Thomas Edwards (VC)

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Thomas Edwards
Victoria Cross Winners- Pre 1914 Q82653.jpg
Edwards, photograph of a 1884 lithograph
Born(1863-04-19)19 April 1863
Brill, Buckinghamshire
Died27 March 1953(1953-03-27) (aged 89)
Woodford Bridge, London
St Mary's Churchyard, Chigwell
Allegiance United Kingdom
Service/branch British Army
Years of service1880 - 1892
UnitThe Black Watch (Royal Highlanders)
AwardsVictoria Cross

Thomas Edwards VC (19 April 1863 – 27 March 1953) was an English recipient of the Victoria Cross, the highest and most prestigious award for gallantry in the face of the enemy that can be awarded to British and Commonwealth forces.


He was 20 years old, and a private in the 1st Battalion, The Black Watch (Royal Highlanders), British Army during the Mahdist War when the following deed took place for which he was awarded the VC.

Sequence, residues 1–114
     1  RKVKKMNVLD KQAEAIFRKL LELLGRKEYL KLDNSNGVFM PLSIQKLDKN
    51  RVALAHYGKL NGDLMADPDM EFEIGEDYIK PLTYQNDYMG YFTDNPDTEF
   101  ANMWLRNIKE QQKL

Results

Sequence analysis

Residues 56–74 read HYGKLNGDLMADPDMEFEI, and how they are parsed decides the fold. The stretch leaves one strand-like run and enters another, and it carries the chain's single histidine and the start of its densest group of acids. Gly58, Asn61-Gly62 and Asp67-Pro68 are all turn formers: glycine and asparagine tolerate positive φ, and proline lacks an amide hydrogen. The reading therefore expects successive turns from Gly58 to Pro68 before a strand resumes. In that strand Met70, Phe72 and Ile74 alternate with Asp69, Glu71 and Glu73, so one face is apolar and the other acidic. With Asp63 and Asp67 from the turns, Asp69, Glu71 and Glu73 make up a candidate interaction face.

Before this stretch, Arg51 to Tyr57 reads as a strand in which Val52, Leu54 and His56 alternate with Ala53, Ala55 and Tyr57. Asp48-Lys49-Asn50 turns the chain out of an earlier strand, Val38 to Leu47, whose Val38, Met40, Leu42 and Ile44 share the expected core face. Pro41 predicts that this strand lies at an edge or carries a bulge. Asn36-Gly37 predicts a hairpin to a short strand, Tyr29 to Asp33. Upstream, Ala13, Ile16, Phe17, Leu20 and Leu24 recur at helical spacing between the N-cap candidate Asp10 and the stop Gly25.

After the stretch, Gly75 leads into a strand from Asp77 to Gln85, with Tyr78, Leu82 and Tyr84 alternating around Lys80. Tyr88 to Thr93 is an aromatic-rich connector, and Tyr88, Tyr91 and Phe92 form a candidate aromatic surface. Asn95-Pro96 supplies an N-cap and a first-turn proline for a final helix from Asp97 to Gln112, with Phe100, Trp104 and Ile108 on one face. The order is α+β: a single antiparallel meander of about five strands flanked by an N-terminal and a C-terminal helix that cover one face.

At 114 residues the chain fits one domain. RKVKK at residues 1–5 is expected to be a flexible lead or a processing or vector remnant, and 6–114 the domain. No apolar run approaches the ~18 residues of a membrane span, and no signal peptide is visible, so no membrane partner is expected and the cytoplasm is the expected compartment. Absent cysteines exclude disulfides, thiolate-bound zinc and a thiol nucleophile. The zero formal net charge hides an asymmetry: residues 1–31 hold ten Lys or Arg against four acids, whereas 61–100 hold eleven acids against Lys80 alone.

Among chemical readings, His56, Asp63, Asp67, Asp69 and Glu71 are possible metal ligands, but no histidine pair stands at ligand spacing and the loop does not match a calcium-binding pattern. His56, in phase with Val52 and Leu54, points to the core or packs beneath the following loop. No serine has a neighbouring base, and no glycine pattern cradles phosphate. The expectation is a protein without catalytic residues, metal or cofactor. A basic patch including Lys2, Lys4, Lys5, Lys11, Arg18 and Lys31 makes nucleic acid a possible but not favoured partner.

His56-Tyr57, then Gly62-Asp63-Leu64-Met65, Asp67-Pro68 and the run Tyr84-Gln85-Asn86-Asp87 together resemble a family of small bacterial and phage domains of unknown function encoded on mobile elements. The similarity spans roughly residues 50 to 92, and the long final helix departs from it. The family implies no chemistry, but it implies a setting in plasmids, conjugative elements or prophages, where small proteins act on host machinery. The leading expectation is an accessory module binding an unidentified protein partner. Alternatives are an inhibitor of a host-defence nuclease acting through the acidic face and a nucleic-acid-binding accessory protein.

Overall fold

On 13 March 1884 at the Battle of Tamai, Sudan, when both members of the crew of one of the Gatling guns had been killed, Private Edwards, after bayoneting two Arabs and himself receiving a wound from a spear, remained with the gun, defending it throughout the action. His citation reads:

For the conspicuous bravery displayed by him in defence of one of the guns of the Naval Brigade, at the battle of Tamai, on 13th March, 1884. This man (who was attached to the Naval Brigade as Mule Driver) was beside the gun with Lieutenant Almack,.R.N., and a blue jacket. Both the latter were killed, and Edwards, after bayonetting two Arabs, and himself receiving a wound with a spear, rejoined the ranks with his mules, and subsequently did good service in remaining by his gun throughout the action.[1]

The medal[edit]

His Victoria Cross is displayed at the Black Watch Museum in Balhousie Castle, Perth, Scotland.

The grave of Thomas Edwards in St Mary's churchyard, Chigwell, Essex.


  1. ^ "No. 25356". The London Gazette. 21 May 1884. p. 2278.

External links[edit]